You think you're doing the eco-friendly thing by reusing your plastic water bottle, but you've heard rumors that it can actually be bad for your health. While it's true that bacteria can grow in unwashed bottles, reports of toxic chemicals leaching into the water from PET (polyethylene terephthalate) bottles after multiple refillings have been proved false. This means you don't have to choose between your health, the environment and thirst.
The word "bacteria" instantly sends many people into a panic, lunging for the hand sanitizer, but not all bacteria are harmful. Some, like the probiotics found in yogurt, are good for you, while others have no effect on health whatsoever. A 2005 study in "Applied and Environmental Microbiology" found at least eight different kinds of bacteria living in noncarbonated bottled mineral water within three weeks of bottling (See References 1, fig 3). Mineral water comes from underground, and these bacteria just happen to live there --- the study concluded that none of strains identified were related to any disease-causing bacteria.
Of course, some bacteria do cause disease, and they grow best in warm, moist places. Capping your nearly-empty water bottle traps humidity inside and provides a perfect growing medium. Bacteria are better able to form a colony if they have a place to cling to as they multiply, and the threads on the mouthpiece of your bottle provide a perfect hangout by trapping moisture and providing a safe environment --- right where you put your mouth. To prevent this, simply wash your bottle with hot, soapy water after each use, and leave it open to dry.
Rumors have suggested the plastic in water bottles leaches out a chemical called DEHA, a carcinogen that is more harmful than any bacteria. This claim was quickly disproved on multiple fronts. First, the "study" it came from was actually a master's degree thesis and not subject to peer review, so the claims were scientifically unreliable. Second, DEHA is not classified as a carcinogen by any governing agency and is not present in PET, the plastic used to make water bottles. It is, however, present in laboratory equipment, which could have contaminated the study in question. Third, the U.S. Food and Drug Administration has approved PET plastic as safe for food contact after careful study, and repeated usage doesn't change the safety factor. (See References 2) However, some studies indicate that a potential carcinogen, bisphenol A, may leach into bottles made out of polycarbonates, such as baby bottles and sports bottles.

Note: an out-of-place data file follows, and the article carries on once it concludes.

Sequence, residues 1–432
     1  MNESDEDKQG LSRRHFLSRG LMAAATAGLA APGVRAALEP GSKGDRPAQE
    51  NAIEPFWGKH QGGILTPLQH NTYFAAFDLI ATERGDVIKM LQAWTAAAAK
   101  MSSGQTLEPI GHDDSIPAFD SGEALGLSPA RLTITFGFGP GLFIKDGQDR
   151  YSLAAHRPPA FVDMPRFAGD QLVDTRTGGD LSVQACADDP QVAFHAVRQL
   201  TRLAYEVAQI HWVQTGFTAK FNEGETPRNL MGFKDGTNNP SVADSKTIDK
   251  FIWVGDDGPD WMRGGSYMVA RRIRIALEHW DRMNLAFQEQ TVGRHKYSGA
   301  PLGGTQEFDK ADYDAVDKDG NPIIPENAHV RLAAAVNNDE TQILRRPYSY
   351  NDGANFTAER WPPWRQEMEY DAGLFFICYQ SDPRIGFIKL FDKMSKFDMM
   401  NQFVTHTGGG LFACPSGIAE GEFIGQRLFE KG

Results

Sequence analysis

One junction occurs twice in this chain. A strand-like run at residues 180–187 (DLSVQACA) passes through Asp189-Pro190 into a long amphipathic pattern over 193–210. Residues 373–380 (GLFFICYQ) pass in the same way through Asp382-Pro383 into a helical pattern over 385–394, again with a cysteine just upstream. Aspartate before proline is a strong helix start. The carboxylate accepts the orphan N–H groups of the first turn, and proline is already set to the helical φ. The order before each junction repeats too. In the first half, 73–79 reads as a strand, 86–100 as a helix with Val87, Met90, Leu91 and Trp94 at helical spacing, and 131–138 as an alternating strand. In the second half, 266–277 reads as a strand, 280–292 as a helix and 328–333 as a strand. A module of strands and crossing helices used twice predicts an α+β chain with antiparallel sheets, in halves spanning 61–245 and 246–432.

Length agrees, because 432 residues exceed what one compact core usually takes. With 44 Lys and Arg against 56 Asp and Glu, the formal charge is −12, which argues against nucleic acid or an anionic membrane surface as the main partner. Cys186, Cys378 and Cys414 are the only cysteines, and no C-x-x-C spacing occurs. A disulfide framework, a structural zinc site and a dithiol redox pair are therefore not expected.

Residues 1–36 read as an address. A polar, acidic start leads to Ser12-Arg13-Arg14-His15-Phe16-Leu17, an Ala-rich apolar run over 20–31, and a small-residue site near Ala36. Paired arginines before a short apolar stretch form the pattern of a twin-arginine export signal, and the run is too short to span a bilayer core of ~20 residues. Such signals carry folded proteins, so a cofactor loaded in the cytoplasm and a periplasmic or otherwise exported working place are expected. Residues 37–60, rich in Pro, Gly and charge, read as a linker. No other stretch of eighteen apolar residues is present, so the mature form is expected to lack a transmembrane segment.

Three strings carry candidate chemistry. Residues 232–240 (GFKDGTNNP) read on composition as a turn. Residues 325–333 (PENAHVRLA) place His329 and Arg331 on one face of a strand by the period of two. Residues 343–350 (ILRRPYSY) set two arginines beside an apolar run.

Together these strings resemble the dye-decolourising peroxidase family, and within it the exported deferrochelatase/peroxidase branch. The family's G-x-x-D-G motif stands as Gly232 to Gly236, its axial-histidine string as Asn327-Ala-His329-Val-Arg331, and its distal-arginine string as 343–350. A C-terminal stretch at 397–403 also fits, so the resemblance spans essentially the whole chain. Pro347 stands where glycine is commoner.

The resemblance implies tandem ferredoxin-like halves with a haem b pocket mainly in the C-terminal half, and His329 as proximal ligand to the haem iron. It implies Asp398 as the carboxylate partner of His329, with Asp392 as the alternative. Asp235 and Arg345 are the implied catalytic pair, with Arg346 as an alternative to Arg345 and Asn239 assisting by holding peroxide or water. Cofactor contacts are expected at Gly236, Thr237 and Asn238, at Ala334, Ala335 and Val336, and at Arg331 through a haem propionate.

What to Do
Don't be concerned about the plastic in your water bottle, but practice standard hygiene to avoid bacterial contamination. Instead of reusing disposable bottles, purchase a sturdy sports bottle with a flip-up or pop-up spout rather than a threaded mouthpiece. This gives bacteria less opportunity to take hold on the very place you put your mouth. Wash your bottle after every use, but especially when it has held anything other than water --- sugary beverages can provide food for microbes and encourage faster growth. Use wide-mouthed bottles that are easier to dry inside, and wipe the mouthpiece frequently if you use it while wearing lipstick or lip balm, which provides a separate growing medium.
- "Applied and Environmental Microbiology"; Diversity of Bacteria Growing in Natural Mineral Water After Bottling; Alexander Loy, et al.; July 2005
- Food Advisory Consumer Service; Reuse of PET-Water Containers; 2009
- International Life Sciences Institute; Plyethylene Terephthalate (PET) for Food Packaging Applications; V. Matthews; 2000
- Food Additives & Contaminants; Increased Migration Levels of Bisphenol A From Polycarbonate Baby Bottles After Dishwashing, Boiling and Brushing ; C. Brede, et al; 2003
Angela Brady has been writing since 1997. She works as a certified personal trainer, weight-loss consultant and sports nutritionist. A lifelong dancer and yoga devotee, she has competed in gymnastics, swimming, volleyball, softball and soccer. She is also an authority on sustainable design, having studied, practiced and written extensively on the subject.
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